The Need for Electoral Reform
The photocopied paper notices on the wall outside say it all. Inside the village hall - which doesn’t have a telephone - there are a few elderly people behind a trestle table (one is aware of a sub-text of knitting, thermos flasks and sandwiches). When you approach, one takes your name and checks it off the list, another writes your name down on a sheet of paper alongside the number of your ballot paper (no secret votes in England) and another tears off what looks like a strip of raffle tickets. The booth is a rickety fold-up plywood affair. There’s a blunt pencil stub attached with string and a tattered print-out pinned up that tells you not to vote for more than one candidate, but nothing to show you whether to tick or cross or otherwise mark your ballot slip correctly.
It is all gloriously amateur and redolent of Miss Marple films of the thirties and forties. No one asks me to prove my identity. I could tell them I was Mrs W.W. from number 34 and they wouldn’t be any the wiser (unless she’s already voted). It’s frightening.
So, given this atmosphere of complacency, the lack of stringency and antiquated procedures, it’s not surprising that there were severe electoral irregularities, or that officials couldn’t cope with large numbers of people turning up after work to exercise their democratic right. In our constituency, people were turned away because the local council hadn’t processed their registrations in time (They have had since March 20th!).
The problem is that we still think we have a proper modern democracy in Britain. But what kind of democracy allows a quarter of the population to vote for a party that then has only 10% of the seats in Parliament? We live in a country where large chunks of legislation never go through Parliament at all, but are simply signed into law by the Queen as ‘Orders in Council’, after being put in front of her by the Privy Council (well named as it’s an unelected private club chaired by Lord Mandelson). We live in a country where you can be arrested and imprisoned for years without trial, without even being told what you are supposed to have done, and without the right of appeal or Habeus Corpus. You can thank Tony Blair for that one. It’s supposed to be justified by the threat of terrorism, but has caught many innocent people. We live in a country where half the Parliamentary body is unelected and consists of hereditary peers, and life peers created by successive governments. Our judiciary is appointed by the government and we don’t have a constitution - simply a hotch potch of traditions and ‘gentleman’s agreements’ that have developed over the years.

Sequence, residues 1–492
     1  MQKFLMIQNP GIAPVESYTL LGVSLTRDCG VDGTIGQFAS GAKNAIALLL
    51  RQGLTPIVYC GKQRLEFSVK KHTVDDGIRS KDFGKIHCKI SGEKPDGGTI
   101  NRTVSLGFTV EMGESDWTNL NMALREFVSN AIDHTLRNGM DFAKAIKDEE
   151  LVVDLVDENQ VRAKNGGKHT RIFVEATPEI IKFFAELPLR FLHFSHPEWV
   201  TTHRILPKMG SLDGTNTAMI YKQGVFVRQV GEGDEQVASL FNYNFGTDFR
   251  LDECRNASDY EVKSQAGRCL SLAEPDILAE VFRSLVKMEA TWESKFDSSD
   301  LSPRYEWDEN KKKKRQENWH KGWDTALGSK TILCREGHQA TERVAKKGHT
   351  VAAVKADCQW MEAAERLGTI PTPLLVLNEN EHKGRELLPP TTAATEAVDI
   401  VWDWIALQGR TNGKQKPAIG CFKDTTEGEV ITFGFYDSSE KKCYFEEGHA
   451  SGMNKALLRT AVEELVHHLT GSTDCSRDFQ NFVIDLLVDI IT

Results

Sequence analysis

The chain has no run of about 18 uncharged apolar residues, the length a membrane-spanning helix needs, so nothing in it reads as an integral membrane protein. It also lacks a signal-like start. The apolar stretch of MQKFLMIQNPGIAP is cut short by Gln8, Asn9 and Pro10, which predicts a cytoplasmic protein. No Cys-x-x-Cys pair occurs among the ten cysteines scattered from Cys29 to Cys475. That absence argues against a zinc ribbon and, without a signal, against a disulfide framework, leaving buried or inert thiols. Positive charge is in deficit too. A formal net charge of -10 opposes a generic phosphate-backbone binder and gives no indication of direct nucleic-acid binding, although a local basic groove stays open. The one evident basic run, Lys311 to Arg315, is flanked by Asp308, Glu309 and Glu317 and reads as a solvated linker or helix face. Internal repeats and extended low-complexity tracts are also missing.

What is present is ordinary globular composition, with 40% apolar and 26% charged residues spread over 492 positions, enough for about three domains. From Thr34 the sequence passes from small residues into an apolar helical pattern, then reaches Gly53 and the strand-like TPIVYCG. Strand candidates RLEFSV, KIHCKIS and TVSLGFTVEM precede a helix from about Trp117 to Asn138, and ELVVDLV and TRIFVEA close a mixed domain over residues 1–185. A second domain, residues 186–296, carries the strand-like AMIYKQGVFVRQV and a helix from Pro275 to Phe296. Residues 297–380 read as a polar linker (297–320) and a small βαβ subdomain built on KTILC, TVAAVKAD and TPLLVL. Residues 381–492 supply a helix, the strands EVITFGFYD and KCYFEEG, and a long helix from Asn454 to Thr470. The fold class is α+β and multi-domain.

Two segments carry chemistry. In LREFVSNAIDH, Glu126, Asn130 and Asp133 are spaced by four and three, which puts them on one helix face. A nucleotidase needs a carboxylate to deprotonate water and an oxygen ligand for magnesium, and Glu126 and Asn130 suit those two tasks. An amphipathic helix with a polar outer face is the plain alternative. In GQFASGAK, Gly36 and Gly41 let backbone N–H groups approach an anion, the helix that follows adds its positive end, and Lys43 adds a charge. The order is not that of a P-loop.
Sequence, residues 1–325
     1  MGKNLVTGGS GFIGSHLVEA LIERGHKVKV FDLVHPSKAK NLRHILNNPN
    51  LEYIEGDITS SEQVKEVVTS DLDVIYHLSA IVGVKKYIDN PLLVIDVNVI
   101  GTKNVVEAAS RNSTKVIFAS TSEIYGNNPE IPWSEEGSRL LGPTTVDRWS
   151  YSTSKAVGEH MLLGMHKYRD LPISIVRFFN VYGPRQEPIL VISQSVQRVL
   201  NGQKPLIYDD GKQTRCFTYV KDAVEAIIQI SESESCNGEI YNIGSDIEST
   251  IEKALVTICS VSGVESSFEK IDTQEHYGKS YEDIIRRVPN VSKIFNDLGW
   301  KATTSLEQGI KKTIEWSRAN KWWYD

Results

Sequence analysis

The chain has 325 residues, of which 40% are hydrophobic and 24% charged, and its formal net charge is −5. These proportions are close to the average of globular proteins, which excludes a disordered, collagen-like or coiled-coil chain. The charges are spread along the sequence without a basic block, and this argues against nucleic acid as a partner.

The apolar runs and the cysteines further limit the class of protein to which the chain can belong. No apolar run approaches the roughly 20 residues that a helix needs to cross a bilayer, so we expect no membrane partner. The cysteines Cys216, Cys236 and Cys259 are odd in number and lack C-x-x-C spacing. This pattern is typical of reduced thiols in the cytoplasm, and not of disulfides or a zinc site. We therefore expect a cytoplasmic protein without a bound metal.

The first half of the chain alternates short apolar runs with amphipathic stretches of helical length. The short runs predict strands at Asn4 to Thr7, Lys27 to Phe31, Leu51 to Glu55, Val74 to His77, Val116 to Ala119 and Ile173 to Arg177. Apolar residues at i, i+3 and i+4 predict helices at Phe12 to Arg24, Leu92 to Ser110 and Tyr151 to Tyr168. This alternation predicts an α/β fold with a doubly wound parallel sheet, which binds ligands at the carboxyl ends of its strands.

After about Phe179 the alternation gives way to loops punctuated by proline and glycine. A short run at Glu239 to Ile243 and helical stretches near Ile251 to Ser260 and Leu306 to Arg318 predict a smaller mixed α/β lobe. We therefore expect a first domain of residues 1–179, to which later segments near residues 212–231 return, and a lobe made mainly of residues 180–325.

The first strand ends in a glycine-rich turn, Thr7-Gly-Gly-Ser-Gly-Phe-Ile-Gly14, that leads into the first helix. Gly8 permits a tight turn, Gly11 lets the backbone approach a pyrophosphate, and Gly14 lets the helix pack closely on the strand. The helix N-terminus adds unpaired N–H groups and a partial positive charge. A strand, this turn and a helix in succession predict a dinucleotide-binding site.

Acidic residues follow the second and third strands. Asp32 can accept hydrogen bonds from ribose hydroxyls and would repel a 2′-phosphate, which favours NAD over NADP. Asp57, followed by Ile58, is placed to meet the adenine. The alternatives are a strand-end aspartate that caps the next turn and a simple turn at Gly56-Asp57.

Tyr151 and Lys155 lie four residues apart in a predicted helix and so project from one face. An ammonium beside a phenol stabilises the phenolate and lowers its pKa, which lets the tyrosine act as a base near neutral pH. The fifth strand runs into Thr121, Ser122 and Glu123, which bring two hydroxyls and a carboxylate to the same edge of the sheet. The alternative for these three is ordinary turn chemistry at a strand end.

It’s time for a change - for real democracy in Britain, or, shamefully, some third world countries are going to be able to say that they are more democratic than we are.